Written by: Gary Hawkins, founder, and CEO of the Center for Advancing Retail & Technology (CART)

From Soup to Homo-Sapien

Life on earth developed over millions of years, rising from the primordial soup. Single-cell organisms gave way to more complex life, which gave way to life rising from the sea to inhabit the land. For nearly two million years, multiple human-like species co-earthexisted, none gaining any lasting advantage. But then, as Yuval Harari, in his history-spanning book Sapiens explains, around 70,000 years ago, a genetic mutation occurred. This mutation triggered a cognitive revolution that enabled homo-sapiens to quickly advance beyond all other species. That cognitive spark changed the world resulting in:


  • Imagination
  • Conceptual thinking
  • Expanded language

This new sapient species now had the ability to rule the world. That first spark of cognitive intelligence, in a relative blink of an eye, raised homo-sapiens to a new plane of existence.

From Sales to Cognitive Retail

For the better part of the past century, retailers have been driven by a near singular instinct: sell more products. The world, cognition word cloudhowever, changed.  Just as early life evolved in response to the surrounding environment, so too did retail. A myriad of traits evolved to help each retail species in the cutthroat battle for survival:

  • Category management
  • Product assortment
  • Pricing optimization
  • Product-based management reporting,

Recently – again, in a relative blink of an eye – a mutation has appeared. Technology has sparked another cognitive revolution, this time creating a new species of retailers elevated to a higher plane of existence: Customer cognitive retailers.

Customer Cognitive Retailers

Customer cognitive retailers use AI and machine learning (fed off of big data) to create extensive shopper profiles. These solutions provide deeper insights and understanding than were ever before possible. In classic Darwinian evolution, this new species of retailer has developed sophisticated new tools as they battle for market supremacy. They have evolved far beyond the club of mass promotion and blunderbuss of printed circulars. Strategic hyper-personalization, including individualized pricing, are the new weapons of choice as customer cognizant retailers maximize share-of-wallet and grow customer lifetime value.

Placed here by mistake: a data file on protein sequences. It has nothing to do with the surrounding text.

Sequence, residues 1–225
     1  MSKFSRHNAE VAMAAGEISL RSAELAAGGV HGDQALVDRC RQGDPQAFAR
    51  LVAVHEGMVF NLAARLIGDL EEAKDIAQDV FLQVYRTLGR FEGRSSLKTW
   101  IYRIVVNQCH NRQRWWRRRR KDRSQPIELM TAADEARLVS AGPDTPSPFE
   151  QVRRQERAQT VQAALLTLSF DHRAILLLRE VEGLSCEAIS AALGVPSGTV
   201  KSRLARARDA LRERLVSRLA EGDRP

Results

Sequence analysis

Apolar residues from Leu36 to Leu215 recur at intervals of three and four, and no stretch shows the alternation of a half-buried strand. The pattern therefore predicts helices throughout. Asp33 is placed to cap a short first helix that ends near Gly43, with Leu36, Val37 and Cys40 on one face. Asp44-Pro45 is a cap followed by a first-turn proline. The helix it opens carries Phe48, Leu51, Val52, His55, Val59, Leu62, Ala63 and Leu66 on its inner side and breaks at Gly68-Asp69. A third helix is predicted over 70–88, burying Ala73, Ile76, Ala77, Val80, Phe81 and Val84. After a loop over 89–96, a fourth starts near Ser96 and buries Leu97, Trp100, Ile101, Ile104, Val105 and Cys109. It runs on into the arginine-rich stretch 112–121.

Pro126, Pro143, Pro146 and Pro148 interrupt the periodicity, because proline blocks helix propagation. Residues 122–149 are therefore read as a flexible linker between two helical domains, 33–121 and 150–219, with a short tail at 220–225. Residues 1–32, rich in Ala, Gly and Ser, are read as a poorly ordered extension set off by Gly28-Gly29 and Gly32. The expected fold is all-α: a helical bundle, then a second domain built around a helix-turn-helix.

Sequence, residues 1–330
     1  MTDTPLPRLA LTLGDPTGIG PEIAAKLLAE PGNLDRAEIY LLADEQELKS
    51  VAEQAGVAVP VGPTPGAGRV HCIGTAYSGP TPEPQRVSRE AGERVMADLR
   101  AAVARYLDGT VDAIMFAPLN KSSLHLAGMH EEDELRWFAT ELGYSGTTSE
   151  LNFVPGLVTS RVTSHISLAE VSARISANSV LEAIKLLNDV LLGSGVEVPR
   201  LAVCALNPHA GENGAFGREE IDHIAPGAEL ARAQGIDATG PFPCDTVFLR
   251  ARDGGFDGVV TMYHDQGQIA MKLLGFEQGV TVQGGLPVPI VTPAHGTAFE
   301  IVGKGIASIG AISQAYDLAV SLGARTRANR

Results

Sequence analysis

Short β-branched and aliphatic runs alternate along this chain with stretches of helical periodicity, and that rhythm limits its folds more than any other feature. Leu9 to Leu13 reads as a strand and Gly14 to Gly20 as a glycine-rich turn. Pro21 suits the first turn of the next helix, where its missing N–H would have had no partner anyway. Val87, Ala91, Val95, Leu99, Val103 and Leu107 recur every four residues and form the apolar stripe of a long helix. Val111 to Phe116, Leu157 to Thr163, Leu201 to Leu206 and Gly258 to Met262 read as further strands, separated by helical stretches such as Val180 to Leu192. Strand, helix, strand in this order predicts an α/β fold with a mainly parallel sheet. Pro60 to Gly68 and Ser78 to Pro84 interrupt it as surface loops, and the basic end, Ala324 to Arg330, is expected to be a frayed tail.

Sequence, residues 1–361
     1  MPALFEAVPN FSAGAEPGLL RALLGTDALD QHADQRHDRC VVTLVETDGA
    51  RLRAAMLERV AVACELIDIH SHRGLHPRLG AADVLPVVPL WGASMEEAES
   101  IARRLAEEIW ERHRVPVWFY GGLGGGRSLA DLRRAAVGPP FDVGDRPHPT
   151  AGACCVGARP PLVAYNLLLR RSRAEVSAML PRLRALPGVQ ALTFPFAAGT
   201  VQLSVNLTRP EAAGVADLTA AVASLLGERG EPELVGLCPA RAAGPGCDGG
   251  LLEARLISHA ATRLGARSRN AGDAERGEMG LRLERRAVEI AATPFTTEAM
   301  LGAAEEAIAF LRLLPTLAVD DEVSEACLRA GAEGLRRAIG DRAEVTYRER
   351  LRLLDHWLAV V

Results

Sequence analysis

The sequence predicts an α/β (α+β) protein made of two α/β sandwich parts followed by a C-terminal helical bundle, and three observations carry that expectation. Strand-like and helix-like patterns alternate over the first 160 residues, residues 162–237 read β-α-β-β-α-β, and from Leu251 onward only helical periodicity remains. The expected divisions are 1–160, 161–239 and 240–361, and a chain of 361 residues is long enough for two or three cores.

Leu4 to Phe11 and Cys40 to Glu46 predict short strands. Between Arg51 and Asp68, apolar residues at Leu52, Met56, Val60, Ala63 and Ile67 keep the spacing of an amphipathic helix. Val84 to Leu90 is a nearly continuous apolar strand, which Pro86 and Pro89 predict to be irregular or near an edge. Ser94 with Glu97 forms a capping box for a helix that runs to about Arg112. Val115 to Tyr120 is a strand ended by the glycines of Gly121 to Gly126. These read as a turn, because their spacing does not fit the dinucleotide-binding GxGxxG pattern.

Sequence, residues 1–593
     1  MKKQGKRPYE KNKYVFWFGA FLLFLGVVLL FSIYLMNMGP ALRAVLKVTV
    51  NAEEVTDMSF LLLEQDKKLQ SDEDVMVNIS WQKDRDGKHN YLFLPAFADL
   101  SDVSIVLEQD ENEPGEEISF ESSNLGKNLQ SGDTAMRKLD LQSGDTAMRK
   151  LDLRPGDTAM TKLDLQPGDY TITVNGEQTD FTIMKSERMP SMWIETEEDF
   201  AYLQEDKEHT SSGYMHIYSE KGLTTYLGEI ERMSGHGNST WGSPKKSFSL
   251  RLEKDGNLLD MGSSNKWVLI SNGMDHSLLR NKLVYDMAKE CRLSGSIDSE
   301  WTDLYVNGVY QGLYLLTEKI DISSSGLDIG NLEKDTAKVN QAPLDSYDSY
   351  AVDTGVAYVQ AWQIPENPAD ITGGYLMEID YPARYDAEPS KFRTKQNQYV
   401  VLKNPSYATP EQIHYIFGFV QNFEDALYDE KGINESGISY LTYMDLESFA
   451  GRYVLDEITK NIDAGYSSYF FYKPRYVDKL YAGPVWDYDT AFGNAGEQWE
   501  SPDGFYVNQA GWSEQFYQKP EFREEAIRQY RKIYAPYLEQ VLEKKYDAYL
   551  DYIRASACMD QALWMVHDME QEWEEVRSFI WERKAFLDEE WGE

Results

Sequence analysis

What does this new environment require?

This new data-driven environment demands speed and agility in addition to raw intelligence.  This is especially true when the man on smartphonevalue of data begins to erode the moment it is created. Marketing success requires being contextually relevant. Shoppers are online via their smartphones 24/7, so marketing must be realtime. Customer cognition at the speed of thought.

And there is one more environmental influence impacting the evolution of customer cognitive retail. We are at the inflection point on the exponential growth curve of computer processing power, where ever-faster change becomes increasingly noticeable. It is this faster, cheaper processing power that fuels the expanding use of AI and machine learning – the primary tools of customer cognition.

Noted professor Thomas Davenport co-authored an HBR article a while back titled, “Why Companies That Wait to Adopt AI May Never Catch Up”. The premise that Davenport put forth reflects the new retail environment: AI capabilities are so powerful that early adopters may open up such a performance gap with their slower competitors that the followers may never catch up.

Imagine machine learning, a subset of artificial intelligence technology, unleashed on big customer data. The model ferreting out that a certain group of shoppers are at risk of defecting from the retailer next week. Or the model discovering why, of all new shoppers coming into a retailer to shop for the first time, only a small portion of them return again and go on to become regular customers. Or the model understanding at an individual customer level, which products to promote at specific prices to maximize share-of-wallet and lifetime value.

This, and far more, is what customer cognitive retailers are working on as they emerge into a post-pandemic world. A world demanding real-time digital engagement with shoppers seeking the latest information and avoiding germ-laden paper ads. A world where digital success requires contextual relevancy and irrelevant mass promotion is
seen as spam.


Gary Hawkins is an author, speaker, and CEO of CART (the Center for Advancing Retail & Technology). His virtual library can be found at retailmindsteps.com, and he can be reached at ghawkins@retailmindsteps.com